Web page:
Thyagaraj: But how sad that in the meanwhile ads terrorised the consumer with man collapsing during a game of badminton, or in a train, ambulances screaming around and a devastated family looking on!

Vidur: Absolutely! Not any longer; today they have all redone their advertising, removed the aggressive claims they used to make, and sent off the ambulances. Some retained the oil as-is in the market; some others have added other seed oils to their oils (created blends) to bring about the PUFA-MUFA balance.

Brinda: Achcha- I didn’t know! But does the label say ‘now with less PUFA’?

Vidur: I am not sure, you read the numbers and infer, I guess. So, today the erstwhile high PUFA oils are changing their formulation but not saying so upfront. They are not going to tell you, “Oops, sorry, we were wrong about the PUFA. What our ads claimed was wrong.” The consumer will never forget your sin.

Thyagaraj: But that’s the way corporates are. They are not going to admit that they have made a mistake and have made wrong claims. Nobody will do that.

Aparna: Uncle, tell me, then don’t you think oils which are PUFA high should be withdrawn?

Vidur: I am not a marketing man and I think these are usually in the realms of marketing ethics. I am an R&D fellow. And your uncle *smile*. But if I were the owner of a brand that I realised has been making a misleading claim, I would withdraw it instantly.

Thyagaraj: Why? Let me understand. Is it because the claim that you made is not what the brand is now and people probably continue to buy it for the wrong reason?

Vidur: Naturally, isn’t it? Since I made a product delivery claim, I think it is my duty to reverse that impression in your mind. Also from my company’s standpoint, I will be doing right by my brand by being upfront. See, it’s one thing to say this product is good on your heart health. But I go further and say, “Consume this and it will keep your heart healthy.” That is a different statement.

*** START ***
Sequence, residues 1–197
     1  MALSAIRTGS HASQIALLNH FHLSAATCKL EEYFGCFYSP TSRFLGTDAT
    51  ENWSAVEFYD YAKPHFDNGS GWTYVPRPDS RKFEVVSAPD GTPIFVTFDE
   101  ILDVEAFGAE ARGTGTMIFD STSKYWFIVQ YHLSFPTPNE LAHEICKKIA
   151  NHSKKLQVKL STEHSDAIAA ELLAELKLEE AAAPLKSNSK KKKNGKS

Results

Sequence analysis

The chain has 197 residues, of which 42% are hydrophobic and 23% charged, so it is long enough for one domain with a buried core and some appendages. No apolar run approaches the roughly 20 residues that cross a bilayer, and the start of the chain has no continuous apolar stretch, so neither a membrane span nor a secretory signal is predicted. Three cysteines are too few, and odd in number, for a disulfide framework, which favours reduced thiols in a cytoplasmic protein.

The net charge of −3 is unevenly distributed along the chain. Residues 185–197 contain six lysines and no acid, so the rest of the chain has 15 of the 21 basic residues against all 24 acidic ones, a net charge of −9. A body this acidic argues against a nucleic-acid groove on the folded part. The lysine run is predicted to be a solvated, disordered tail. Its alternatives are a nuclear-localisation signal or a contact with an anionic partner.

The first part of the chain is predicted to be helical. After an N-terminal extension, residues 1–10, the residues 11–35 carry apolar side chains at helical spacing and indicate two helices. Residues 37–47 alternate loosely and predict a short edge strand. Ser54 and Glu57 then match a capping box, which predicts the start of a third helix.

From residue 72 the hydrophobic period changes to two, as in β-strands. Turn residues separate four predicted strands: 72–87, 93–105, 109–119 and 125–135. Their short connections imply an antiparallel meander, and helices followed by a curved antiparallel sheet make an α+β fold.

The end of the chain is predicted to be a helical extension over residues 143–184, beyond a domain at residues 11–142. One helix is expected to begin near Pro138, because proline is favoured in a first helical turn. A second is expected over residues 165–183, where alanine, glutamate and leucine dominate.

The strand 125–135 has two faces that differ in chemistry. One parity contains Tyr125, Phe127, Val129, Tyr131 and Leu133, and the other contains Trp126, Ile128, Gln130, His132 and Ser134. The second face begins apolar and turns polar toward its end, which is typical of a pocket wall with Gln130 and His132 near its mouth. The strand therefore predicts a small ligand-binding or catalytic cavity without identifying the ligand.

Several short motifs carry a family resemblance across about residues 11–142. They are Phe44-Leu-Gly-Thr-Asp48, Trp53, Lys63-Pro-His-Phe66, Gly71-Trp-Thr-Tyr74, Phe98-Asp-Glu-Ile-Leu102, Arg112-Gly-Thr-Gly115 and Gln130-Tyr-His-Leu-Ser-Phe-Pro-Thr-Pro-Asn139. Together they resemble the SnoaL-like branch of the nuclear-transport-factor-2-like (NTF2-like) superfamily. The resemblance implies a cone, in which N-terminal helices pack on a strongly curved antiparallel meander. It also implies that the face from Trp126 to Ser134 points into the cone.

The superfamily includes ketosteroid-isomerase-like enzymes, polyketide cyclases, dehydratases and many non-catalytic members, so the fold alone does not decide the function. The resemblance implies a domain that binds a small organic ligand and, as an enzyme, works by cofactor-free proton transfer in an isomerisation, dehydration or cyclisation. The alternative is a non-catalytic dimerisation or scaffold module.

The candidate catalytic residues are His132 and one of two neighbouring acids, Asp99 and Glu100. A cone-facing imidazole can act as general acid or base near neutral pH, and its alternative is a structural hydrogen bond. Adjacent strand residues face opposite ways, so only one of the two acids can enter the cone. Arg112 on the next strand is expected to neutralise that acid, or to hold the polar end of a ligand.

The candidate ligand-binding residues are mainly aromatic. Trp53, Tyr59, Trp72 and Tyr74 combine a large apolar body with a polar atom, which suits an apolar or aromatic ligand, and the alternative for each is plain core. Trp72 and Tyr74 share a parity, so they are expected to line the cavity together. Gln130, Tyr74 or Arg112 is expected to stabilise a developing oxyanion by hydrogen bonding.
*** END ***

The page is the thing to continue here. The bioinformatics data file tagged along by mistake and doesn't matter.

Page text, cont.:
What happens then is that people with heart problems also start using my brand. Some years later, I find that my oil is not going to deliver on the claims I made, because my PUFA dominant oil reduces your good cholesterol as well. Should I not warn them? God, I should!

Aparna: That’s not enough! They need to issue a warning in the papers in the form of an ad to say new research points to xyz component as being harmful for heart patients. We are taking our oil back to the drawing board and changing it to make it healthy for you — (that’s proactive!).

We had a discussion in class recently. A baby product company in Australia went through exactly this. It stopped selling its bath seat in 1997 because of some complaints about safety. But it did not recall those it had already sold. In 2002, a few more infants died. Company X was in denial that these later deaths had to do with its product, until its integrity officer, God-bless-his-soul, said the risk would cost him brand image. They just exited the business.

Brinda (alarmed, and addressing Vidur): So, is PUFA bad? Did they change the composition of their oil? What did they do?

Vidur: Difficult to say, but essentially some added other oils to balance the PUFA-MUFA ratio; but I am not too sure about all brands. PUFA is known to reduce your good cholesterol as well. Hence you need to communicate what the other fatty acids do for you.

Thyagaraj: Gosh, this is upsetting. This is not a joke. When you are talking about health, you have to be very careful what you say. How come we do not have guidelines for this?

Vidur: I think, more than anything else, food companies should devote 50 per cent of their communication to health. There should not be any hardsell for products that affect health. For instance oils should say, ‘Consume oils in moderation’. There must be strict guidelines for what you say about your food product…. We never know what the consumer takes away!

To be continued...

Read Analysis: Sachidanand Madan | Prakash Nedungadi | Dr Rakesh Gupta